They’re Willing to Buy Secondhand

As this generation comes into its own, they’re searching for a good deal. They also want to shop from eco-friendly and sustainable retailers. As a result, Gen Z is turning to secondhand clothing at a rapid pace, according to ThreadUp’s 2019 Resale Report. One out of three consumers is expected to purchase secondhand clothing this year.

How are retailers competing with secondhand shops? Neiman Marcus collaborated with Fashionpile to launch a handful of in-store showrooms that allow customers to purchase used clothing and accessories. Neiman is hoping that this new venture will attract Gen Z consumers with used items from some of its well-known brands. The retailer wants to entice this young generation to buy some of their luxury products.

They Still Enjoy Brick-and-Mortar Stores

While Gen Z loves to shop online, they still enjoy browsing at brick-and-mortar stores, even more so than Millennials. Thirty-eight percent of Gen Z consumers still enjoy the in-store experience, according to the National Retail Federation.

Their shopping habits have made them more traditional than Millennials. They don’t see offline and online shopping as two separate entities. They like the idea of combining digital and physical shopping by creating an improved shopping experience. While Millennials are “killing” malls everywhere, Gen Z consumers are flocking to them.

This generation visits shopping malls with their families and less so individually. That’s because most of them are getting their license later in life than previous generations since most states have moved the driving age from 17 to 18. They have to rely on their parents or older friends as a form of transportation, and that has an impact on brick-and-mortar retailers and shopping trends.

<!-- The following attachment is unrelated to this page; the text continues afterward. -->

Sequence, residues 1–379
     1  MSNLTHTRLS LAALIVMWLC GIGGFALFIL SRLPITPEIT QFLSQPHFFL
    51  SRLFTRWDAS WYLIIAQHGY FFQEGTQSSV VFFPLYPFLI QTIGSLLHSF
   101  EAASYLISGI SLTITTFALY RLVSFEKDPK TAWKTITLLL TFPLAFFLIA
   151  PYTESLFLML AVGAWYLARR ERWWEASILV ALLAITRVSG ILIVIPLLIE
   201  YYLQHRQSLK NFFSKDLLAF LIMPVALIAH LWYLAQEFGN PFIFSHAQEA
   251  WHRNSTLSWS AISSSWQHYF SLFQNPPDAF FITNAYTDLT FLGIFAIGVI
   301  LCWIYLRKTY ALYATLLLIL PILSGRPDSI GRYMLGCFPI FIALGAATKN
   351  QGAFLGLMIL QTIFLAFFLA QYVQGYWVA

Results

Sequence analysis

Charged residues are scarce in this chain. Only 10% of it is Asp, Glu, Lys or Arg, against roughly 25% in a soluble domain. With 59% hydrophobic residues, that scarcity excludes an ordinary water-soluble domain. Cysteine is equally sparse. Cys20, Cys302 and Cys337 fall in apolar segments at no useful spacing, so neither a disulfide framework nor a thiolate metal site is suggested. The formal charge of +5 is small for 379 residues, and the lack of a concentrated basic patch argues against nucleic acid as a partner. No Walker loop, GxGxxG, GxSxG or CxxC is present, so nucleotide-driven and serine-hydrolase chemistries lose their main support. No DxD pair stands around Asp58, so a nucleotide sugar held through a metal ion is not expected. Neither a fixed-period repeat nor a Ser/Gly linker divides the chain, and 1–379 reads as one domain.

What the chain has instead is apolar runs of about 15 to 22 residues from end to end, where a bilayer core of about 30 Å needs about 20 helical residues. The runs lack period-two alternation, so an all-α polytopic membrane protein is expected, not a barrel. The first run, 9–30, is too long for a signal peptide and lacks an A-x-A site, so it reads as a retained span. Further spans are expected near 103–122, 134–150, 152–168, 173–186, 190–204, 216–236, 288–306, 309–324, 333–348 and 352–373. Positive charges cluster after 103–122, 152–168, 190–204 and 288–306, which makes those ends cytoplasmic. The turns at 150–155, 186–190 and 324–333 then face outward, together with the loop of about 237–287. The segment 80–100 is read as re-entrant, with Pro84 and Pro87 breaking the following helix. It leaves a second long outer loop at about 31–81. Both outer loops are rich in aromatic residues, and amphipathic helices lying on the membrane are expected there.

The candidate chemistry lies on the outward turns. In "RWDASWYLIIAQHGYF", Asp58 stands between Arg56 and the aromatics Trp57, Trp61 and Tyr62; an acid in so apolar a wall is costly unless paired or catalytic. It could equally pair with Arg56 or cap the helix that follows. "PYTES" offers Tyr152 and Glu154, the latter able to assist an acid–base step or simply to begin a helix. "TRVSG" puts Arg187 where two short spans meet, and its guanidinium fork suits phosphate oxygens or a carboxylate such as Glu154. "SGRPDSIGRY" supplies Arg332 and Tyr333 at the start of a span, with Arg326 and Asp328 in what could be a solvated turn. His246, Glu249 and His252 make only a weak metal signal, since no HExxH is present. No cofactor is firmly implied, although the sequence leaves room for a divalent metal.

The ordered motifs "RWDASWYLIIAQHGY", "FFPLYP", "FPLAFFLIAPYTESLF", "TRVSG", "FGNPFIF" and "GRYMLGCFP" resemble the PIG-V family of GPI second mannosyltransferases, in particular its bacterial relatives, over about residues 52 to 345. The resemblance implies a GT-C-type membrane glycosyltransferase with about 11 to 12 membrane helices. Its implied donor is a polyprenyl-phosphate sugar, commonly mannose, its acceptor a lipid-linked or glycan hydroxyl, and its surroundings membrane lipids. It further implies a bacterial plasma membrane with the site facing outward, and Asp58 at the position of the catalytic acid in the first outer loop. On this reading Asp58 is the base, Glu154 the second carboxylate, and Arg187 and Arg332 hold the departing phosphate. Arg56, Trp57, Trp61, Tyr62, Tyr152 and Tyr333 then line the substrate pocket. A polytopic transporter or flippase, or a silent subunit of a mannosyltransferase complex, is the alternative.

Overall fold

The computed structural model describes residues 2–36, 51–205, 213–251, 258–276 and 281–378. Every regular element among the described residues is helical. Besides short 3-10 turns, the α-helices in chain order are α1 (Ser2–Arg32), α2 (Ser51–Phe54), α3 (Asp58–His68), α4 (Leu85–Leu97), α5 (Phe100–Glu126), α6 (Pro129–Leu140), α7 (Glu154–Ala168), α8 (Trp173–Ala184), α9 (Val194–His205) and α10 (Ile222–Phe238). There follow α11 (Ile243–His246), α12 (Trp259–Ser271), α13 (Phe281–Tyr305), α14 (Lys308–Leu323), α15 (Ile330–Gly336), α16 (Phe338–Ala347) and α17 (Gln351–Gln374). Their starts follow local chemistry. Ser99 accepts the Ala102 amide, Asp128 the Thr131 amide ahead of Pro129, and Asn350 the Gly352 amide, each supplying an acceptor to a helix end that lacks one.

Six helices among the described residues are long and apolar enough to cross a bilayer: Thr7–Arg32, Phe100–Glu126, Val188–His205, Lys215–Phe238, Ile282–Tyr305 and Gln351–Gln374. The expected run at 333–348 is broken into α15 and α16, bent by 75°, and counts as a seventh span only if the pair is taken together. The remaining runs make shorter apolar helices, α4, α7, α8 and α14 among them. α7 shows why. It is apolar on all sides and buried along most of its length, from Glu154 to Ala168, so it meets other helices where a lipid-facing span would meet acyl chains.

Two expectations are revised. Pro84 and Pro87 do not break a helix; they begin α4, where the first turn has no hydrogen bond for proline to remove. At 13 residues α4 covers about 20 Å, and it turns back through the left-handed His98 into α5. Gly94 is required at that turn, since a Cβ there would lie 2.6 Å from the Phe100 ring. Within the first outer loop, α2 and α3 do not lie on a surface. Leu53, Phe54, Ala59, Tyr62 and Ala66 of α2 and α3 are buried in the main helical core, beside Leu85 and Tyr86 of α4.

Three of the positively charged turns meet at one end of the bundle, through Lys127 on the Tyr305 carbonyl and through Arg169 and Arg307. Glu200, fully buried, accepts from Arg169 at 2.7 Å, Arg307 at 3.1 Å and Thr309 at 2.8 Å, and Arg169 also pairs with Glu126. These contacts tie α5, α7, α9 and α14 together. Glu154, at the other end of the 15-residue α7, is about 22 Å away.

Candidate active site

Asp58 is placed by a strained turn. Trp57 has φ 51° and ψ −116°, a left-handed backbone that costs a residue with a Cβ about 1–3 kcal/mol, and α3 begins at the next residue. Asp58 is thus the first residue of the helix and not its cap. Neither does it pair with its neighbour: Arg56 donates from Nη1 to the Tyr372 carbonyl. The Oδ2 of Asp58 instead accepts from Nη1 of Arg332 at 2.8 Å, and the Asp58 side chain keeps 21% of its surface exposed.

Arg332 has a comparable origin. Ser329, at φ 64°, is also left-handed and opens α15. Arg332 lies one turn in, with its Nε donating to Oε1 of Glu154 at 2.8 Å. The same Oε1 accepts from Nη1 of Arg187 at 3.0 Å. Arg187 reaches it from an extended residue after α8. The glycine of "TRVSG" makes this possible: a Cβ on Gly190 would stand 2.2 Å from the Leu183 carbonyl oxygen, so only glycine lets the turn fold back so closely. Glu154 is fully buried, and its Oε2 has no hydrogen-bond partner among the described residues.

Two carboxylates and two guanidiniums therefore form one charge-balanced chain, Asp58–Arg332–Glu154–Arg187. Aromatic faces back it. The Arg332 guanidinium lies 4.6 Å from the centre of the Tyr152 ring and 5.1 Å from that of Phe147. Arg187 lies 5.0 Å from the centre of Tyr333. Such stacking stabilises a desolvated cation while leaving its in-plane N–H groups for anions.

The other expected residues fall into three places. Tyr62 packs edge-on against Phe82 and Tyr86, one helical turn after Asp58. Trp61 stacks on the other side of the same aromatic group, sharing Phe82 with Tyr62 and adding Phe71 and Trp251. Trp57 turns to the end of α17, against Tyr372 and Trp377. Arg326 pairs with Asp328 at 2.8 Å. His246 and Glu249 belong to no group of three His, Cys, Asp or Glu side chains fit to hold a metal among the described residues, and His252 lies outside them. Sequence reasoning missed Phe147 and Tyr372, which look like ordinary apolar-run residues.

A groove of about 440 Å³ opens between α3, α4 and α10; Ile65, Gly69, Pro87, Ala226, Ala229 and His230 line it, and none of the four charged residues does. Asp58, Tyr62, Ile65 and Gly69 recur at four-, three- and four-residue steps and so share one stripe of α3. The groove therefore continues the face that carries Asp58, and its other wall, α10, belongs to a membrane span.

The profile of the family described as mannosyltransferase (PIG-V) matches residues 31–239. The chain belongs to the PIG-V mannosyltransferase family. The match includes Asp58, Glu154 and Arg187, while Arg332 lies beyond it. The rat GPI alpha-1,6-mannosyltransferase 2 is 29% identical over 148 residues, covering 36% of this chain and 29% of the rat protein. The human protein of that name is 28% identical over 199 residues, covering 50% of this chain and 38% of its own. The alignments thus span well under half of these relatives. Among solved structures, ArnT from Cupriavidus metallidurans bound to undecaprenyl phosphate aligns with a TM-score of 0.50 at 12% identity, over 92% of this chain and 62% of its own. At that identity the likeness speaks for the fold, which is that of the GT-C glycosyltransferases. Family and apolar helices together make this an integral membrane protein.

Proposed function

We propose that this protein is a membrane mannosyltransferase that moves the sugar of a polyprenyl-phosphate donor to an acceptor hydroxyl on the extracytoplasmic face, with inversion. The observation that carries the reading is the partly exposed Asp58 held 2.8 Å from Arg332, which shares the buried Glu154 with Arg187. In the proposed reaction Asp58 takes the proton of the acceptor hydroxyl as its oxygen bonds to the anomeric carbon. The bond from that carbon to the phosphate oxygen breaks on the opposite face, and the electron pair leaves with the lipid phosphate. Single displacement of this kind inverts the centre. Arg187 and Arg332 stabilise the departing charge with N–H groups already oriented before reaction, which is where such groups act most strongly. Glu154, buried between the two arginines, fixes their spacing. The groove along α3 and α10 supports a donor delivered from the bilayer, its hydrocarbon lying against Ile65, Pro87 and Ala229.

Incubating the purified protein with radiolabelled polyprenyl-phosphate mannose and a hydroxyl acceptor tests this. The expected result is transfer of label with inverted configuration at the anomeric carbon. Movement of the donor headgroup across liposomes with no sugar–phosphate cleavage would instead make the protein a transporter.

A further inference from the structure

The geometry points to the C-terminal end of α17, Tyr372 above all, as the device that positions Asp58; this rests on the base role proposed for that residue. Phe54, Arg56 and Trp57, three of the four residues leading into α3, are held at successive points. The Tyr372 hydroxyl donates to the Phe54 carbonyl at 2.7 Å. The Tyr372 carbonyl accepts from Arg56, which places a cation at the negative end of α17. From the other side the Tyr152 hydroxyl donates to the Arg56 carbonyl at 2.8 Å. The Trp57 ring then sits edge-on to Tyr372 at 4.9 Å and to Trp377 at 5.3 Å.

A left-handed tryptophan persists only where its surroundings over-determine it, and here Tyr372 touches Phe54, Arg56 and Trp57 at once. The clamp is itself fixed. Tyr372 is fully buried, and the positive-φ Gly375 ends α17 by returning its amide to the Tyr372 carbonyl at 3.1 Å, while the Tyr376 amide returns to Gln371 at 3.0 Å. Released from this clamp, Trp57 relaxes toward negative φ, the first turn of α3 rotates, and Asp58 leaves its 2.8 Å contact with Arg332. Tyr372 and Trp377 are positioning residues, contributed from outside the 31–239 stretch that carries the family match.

They’re Pragmatic When It Comes to Shopping

Since Gen Z became of age during the recession, most of them are cautious about finances. More of them are becoming fiscally conservative regarding debt and pragmatic about their spending habits. While they may spend more on high-end brands, it’s because those brands have longevity and durability. Some of them choose to shop at thrift stores over brand names.

Gen Z also has entrepreneurial aspirations and ideals earlier than did previous generations. Most of them are already launching their own blogs, online businesses, and YouTube channels to generate their own income. Seventy-seven percent of teens and young adults are already making their own money through entrepreneurial efforts, according to a study from the Center for Generational Kinetics. This has lead them to become more resourceful with their money.

The world may still be adjusting to the changing shopping habits of Millennials, but Gen Z is still coming into their own when it comes to consumerism. Retailers need to attract this generation by providing an engaging experience that goes beyond making a sale. These marketing techniques are different from previous generations, but retailers need to embrace this change if they want to survive the brick-and-mortar business.